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Stroke and distance vs pace of play - Page 2

post #19 of 52
Quote:
Originally Posted by bkuehn1952 View Post

The USGA Handicap Manual creates an interesting nuance between "Holes Not Played or Not Played Under the Principles of The Rules of Golf" and "Unfinished Holes and Conceded Strokes".  It would appear from the examples that "Unfinished Holes and Conceded Strokes" is mainly intended for match play.  All the examples deal with putting and match play scenarios.  Of course, if one is lying 5 in the bunker and your opponent is lying 2 ten feet from the hole, one can still use this particular handicap rule.

"Holes Not Played or Not Played Under the Principles of the Rules of Golf" appears to apply to our unexpected "lost ball" scenario or any other situation where a score for a hole is not achieved through play under the Rules. 

One does not have a choice between the two handicap rules.  If a player pumps two O.B. and announces "I am done with this hole", that is not considered an unfinished hole.  He records par plus whatever handicap strokes he gets along with an "x".  In a sense, the handicap system "penalizes" a player who does not play a hole or plays a hole without following the Rules.  Now one might think that writing a lower score than one likely would have recorded is hardly a penalty.  Except consider that the player who routinely quits a hole or bends/breaks the Rules is going to record a lower score for handicap purposes.  So he is going to have a lower handicap and he will be less competitive against players who play by the Rules and complete every hole.  Yes, the guy who picks up mid-hole is going to have a vanity handicap and he is going to be ripe for the picking.

In practice, it's worth mentioning that there's absolutely nothing wrong with picking up, moving on, and recording your ESC maximum once you get to that point, even though you didn't "finish" the hole.

As a reminder to all, the discussion we're having here relates to posting of a score for hcp purposes only. It has nothing to do with someone's actual score as it relates to the round itself....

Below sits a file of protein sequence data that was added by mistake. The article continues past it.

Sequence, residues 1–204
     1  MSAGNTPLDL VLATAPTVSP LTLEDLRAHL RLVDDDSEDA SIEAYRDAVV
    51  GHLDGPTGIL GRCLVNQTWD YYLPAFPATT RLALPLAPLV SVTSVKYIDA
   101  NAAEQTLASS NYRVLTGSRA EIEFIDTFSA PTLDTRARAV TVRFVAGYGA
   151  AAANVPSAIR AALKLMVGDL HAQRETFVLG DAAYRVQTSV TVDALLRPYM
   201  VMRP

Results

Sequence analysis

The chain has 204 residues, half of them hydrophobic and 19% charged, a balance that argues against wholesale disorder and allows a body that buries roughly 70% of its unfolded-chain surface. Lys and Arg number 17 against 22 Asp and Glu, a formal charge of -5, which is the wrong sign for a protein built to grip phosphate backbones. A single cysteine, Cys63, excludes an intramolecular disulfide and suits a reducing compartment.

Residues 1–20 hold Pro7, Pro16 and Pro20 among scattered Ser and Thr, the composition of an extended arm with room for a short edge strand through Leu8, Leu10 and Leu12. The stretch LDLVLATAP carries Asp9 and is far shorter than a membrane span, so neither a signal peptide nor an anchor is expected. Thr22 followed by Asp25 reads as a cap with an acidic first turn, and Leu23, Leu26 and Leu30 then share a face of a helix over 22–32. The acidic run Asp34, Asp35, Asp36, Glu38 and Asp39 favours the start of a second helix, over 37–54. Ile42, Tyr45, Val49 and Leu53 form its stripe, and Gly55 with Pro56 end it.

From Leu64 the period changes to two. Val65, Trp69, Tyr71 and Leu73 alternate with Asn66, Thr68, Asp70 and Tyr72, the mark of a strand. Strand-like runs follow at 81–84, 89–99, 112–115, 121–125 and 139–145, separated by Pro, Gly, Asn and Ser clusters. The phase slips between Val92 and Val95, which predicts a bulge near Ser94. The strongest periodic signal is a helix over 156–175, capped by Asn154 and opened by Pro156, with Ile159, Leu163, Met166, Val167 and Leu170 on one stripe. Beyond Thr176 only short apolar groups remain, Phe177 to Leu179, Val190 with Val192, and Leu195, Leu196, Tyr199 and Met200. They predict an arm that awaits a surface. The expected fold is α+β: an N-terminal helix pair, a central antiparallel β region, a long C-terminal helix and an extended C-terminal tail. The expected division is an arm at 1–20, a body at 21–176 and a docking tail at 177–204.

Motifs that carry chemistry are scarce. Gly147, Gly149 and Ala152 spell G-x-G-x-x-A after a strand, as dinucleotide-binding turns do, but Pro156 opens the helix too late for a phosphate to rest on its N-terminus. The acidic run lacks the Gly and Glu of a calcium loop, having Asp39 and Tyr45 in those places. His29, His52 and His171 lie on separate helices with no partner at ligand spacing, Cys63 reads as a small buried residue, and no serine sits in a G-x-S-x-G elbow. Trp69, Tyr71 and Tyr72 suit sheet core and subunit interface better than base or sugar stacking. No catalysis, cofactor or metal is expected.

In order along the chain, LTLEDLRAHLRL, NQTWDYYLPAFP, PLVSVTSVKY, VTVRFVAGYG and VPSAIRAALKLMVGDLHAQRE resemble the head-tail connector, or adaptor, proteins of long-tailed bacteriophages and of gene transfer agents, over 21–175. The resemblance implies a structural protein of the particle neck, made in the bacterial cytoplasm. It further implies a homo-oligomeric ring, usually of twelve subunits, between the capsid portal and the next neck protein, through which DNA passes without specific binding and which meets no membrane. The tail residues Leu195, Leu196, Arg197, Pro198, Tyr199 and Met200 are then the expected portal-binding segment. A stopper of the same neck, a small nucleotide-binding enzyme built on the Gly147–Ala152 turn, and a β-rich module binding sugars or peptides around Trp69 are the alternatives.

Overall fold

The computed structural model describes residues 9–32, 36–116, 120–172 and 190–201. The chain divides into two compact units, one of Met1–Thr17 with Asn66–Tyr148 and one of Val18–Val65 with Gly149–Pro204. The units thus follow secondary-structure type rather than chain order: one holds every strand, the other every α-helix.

post #20 of 52
Quote:
Originally Posted by iacas View Post

 

Except that OB prohibits play, while you're perfectly capable of playing from a lateral hazard if you can find your ball.

 

OB is often quite literally off the course property. I don't think homeowners want golfers playing from their back yards, off their pool decks, out of their gardens, amidst their swingsets, etc.

 

I hit one into someone's backyard yesterday...there were no OB markers and I was awfully tempted to go hit my ball from there. Haha. 

 

I took the stroke like a man, and ended up chipping in for bogey after using my provisional. Good golf Karma for doing the right thing I guess. Haha.

post #21 of 52
Quote:
Originally Posted by sacm3bill View Post

 

 

First, I didn't correct you, I only challenged what you wrote. That's why I was careful to use phrases like "I wouldn't think...", and "It seems..."

 

Second, so you're saying that if someone doesn't go back and hit again on a lost ball then they are not playing under the principles of the rules of golf?  Well, isn't the same true if they fail to hole out a 6" putt? Yet you wouldn't take par + handicap strokes in that scenario - you'd take whatever you're lying before the putt and add one.

 

How do you (or the USGA if their position is indeed what you claim) rationalize taking par + handicap if you've started playing a hole and then quit after already racking up a bunch of strokes? (I'm not saying a lack of a rationale refutes your argument, I'm just curious if there is one.)

 

I wrote what the manual says, nothing more, nothing less.  Bkuehn stated it well, so I'm not going to repeat it.  Essentially you get more credit for playing by the rules than for not playing by the rules.

 

Quote:
Originally Posted by rkim291968 View Post

Reading & interpreting the manual 4 putts quoted, I think once you started the hole with intention of counting the score under the rule of golf, you must "eat" the +2 stroke penalty.   That's fair and within the principle of golf.  

 

No,  because there is never a guarantee that it's only a 2 stroke penalty.  I've put 3 balls in row out of play, with stroke and distance for each one, finally lying 7 in play.  If you skip that process, you are not playing under the principles of the rules of golf.  One of the basic principles is that you only put a ball in play by making a stroke, or by following the process specified under a rule.  If you put a ball in play in any other way, you are not playing under the principles of the Rules of Golf.

 

Quote:
Originally Posted by sacm3bill View Post

Quote:
Originally Posted by rkim291968 View Post

Reading & interpreting the manual 4 putts quoted, I think once you started the hole with intention of counting the score under the rule of golf, you must "eat" the +2 stroke penalty.   That's fair and within the principle of golf.  

 

To be clear, that's what I'm saying. Fourputt is saying that no, you also have the option of just taking par + any handicap strokes for that hole. 

 

I'm not saying it, the handicap manual is saying it.  I'm just the parrot. a2_wink.gif

post #22 of 52
Quote: